I'm building up a bike frame with spare/junk components to be my beater bike for commuting. It will be a single speed, chainline on my rear wheel is 42mm. I have a crank set to use, but I'm not sure how to calculate the correct bottom bracket spindle length since I don't have manufacturer's specs on the cranks or any way to look them up since they're not clearly branded. Is there a way to calculate spindle length using measurements from the crank?

I'm using JIS square taper with an english-threaded bottom bracket. I don't expect to get the chainline exactly perfect, I figure I may need to use a couple mm of spacer washers between the chain ring and crank for small adjustments. But I'd like to get as close as possible.

2 Answers 2


ojs' answer is the the more practical one most of the time, but if it's a used square taper crank and you absolutely have to land on the right chainline without a dummy bottom bracket to use, there is a way that doesn't require special tools.

Used square taper cranks have witness marks from the spindle. You can usually tell or get to a good inference where the tip of the spindle was. Hold the crank down flat against a flat surface. With a caliper or small ruler, measure from the surface to this witness mark. Then measure from the surface to the teeth centerline on the middle ring on a triple or the only chainring on a single, or to each chainring centerline on a double and then average them. Subtract the measurement to the spindle mark from the measurement to the front "chainline measurement plane," and you will usually get a negative number. That number plus half the length of whatever spindle you plug in will give you the resultant chainline. From there you can calculate what you need for your target rear chainline.

The biggest reason to not do it this way is many times you also need to worry about chainring and crank clearances in the bottom bracket area. Modeling that without having any kind of dummy BB to work with is time consuming and tricky, and very easy if you do have a dummy BB. But, there are also times when you have a pretty good idea that it's not going to be an issue.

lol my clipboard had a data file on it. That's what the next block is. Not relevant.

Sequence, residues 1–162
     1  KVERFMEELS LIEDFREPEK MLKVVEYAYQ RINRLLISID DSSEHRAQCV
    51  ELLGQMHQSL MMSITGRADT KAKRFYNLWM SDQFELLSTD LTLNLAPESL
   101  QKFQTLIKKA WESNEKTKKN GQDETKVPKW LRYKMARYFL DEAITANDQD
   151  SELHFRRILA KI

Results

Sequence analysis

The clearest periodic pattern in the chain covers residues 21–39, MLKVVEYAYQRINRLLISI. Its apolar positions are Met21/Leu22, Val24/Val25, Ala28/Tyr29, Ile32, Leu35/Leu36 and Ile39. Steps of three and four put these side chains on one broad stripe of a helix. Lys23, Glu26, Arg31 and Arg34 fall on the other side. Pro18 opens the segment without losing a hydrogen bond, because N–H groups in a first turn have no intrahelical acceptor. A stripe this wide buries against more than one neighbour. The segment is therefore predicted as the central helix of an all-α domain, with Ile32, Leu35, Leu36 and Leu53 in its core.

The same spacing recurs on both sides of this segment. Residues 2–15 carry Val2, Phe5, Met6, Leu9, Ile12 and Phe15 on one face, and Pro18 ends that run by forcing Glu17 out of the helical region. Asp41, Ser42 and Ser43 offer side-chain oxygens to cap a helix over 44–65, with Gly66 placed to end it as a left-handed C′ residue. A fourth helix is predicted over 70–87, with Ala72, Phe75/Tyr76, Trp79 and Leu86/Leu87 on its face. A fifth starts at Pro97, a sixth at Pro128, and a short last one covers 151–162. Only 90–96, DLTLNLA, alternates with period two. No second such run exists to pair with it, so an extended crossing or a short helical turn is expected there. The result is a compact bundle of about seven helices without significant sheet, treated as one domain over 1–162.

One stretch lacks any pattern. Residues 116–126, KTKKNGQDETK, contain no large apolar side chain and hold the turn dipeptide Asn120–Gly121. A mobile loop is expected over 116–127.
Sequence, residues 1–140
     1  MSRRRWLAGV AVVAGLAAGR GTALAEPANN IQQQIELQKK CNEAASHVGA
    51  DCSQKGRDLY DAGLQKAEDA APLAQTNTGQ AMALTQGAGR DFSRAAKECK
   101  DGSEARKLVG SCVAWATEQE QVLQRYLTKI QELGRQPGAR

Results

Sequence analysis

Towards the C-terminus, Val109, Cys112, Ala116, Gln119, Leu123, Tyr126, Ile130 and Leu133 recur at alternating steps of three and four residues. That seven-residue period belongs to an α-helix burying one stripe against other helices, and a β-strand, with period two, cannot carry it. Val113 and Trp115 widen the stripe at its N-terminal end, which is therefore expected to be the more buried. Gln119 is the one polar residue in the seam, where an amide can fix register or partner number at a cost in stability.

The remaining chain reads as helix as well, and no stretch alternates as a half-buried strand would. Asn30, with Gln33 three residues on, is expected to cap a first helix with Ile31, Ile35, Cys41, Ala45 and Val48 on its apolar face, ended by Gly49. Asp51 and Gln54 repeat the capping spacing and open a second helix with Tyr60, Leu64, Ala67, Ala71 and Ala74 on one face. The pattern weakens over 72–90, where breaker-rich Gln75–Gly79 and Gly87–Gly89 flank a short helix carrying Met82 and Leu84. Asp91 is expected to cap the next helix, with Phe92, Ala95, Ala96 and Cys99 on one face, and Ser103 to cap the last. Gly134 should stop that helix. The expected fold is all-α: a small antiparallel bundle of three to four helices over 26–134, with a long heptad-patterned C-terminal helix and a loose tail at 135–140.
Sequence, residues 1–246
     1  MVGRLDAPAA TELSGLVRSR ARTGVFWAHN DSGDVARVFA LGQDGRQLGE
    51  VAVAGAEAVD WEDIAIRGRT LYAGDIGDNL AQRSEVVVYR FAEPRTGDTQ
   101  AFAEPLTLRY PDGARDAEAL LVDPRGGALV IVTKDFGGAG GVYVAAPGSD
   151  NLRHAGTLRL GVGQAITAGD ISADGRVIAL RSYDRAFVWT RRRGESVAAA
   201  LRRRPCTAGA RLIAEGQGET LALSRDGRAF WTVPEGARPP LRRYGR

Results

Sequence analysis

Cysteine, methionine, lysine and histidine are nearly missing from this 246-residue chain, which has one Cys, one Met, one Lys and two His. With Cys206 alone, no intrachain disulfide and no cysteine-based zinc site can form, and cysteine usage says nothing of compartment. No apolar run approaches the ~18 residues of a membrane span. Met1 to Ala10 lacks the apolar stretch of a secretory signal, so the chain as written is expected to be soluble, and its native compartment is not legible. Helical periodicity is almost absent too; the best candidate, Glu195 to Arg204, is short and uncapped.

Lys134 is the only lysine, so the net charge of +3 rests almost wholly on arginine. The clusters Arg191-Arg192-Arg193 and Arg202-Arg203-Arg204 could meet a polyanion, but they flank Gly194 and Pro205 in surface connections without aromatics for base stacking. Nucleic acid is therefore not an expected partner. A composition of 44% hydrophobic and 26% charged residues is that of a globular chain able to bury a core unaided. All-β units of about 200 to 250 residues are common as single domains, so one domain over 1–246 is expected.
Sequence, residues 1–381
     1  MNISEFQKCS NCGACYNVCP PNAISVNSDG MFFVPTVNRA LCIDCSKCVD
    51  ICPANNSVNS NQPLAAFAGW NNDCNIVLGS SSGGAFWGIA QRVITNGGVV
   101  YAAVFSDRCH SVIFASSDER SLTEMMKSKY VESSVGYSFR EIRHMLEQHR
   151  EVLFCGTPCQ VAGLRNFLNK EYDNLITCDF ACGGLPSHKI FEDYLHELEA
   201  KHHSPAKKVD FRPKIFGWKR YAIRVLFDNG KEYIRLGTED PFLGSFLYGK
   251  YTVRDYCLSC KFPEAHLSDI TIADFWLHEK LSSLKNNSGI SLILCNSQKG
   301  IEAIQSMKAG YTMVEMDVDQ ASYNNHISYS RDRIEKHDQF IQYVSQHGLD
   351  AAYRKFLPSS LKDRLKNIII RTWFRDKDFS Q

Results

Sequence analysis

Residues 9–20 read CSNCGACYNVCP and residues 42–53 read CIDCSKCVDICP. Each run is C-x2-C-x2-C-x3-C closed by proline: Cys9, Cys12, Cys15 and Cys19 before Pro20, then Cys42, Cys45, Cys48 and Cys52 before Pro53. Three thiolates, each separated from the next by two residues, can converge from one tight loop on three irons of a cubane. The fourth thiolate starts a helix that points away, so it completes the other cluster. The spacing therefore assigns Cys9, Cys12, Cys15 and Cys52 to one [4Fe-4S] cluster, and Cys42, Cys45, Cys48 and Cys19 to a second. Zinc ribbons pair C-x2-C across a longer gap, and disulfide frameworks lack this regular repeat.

Note that if you're singlespeeding an old double or triple crank and you want the ring mounted on the outside position to look cool and minimize your Q, that is an application where it's easy to have the crank hit the chainstay unless you model things carefully first and/or have a dummy BB to work with. If you're willing to sacrifice the Q and use the inside/middle position, usually you're then safe to not worry about clearances, but that's also not the "good" way of doing it for most people.

Another good reason to do it ojs' way is with a dummy BB, you'll know up front whether the cranks you have want an asymmetric spindle, which many old random cranks do. The counterpoint here is if you want to go really nuts, you can do the same witness mark trick but measured to the pedal mounting surface. (If it does need an asymmetric spindle, usually the way to solve it on a 68mm shell is use a 73mm BB and add spacers under the drive side cup equal to half the offset).

  • Thank you for the detailed description... while I happen to have a dummy bb in this case, it's good to know how to do it without one. What does "Q" stand for?
    – Loralrose
    Commented Feb 19, 2022 at 21:03
  • @Loralrose Q-factor, or the distance of the pedal mounting surface to the frame centerline. Commented Feb 20, 2022 at 6:12

Taking the required measurements from the crank itself would require precision that is not practical at home, so the easiest way is to borrow or buy a temporary bottom bracket and install the crank on it. After installing, measure the chainline, and subtract the target 42mm. The bottom bracket length you need is the length of the temporary bottom bracket, adjusted by 2 times the difference.

For example calculation, suppose that you have a 122mm bottom bracket and the chainline is 45mm. The difference to target is 45mm - 42mm = 3mm. The correct bottom bracket is then 122mm - 2 * 3mm = 116mm.

  • I'm glad to have finally found something useful on this subject. I've been wanting to change my BMX with a 68mm "American" pressed cup bottom bracket shell to a 3 piece crank. I have an adapter that presses into where the cups go and will accept a sealed bearing bb cartridge and I have a set of square taper 170mm crank arms and have been trying to find out what spindle length I need on the cartridge. I do have 3 different length 73mm bb cartridges from my mountain bike mishaps so hopefully one of them will get me in the ballpark. Commented Sep 24, 2023 at 0:10
  • FYI for anyone looking for info on a BMX conversion, there are plenty of kits available and it seems that they will all do the trick, you only need to pick a spindle diameter, 19, 22, or 24mm. You can get just the interface, bearings and spindle or you can get it with crank arms and even pedals depending on your needs They run from $40 on up to a few hundred. But if you're trying to do it with recycled used parts like me, they sell a $25 part that installs where the cups go into the shell and accepts a standard sealed cartridge mtb bb, 68x113, and all you then need are arms & pedals. Commented Sep 26, 2023 at 1:45

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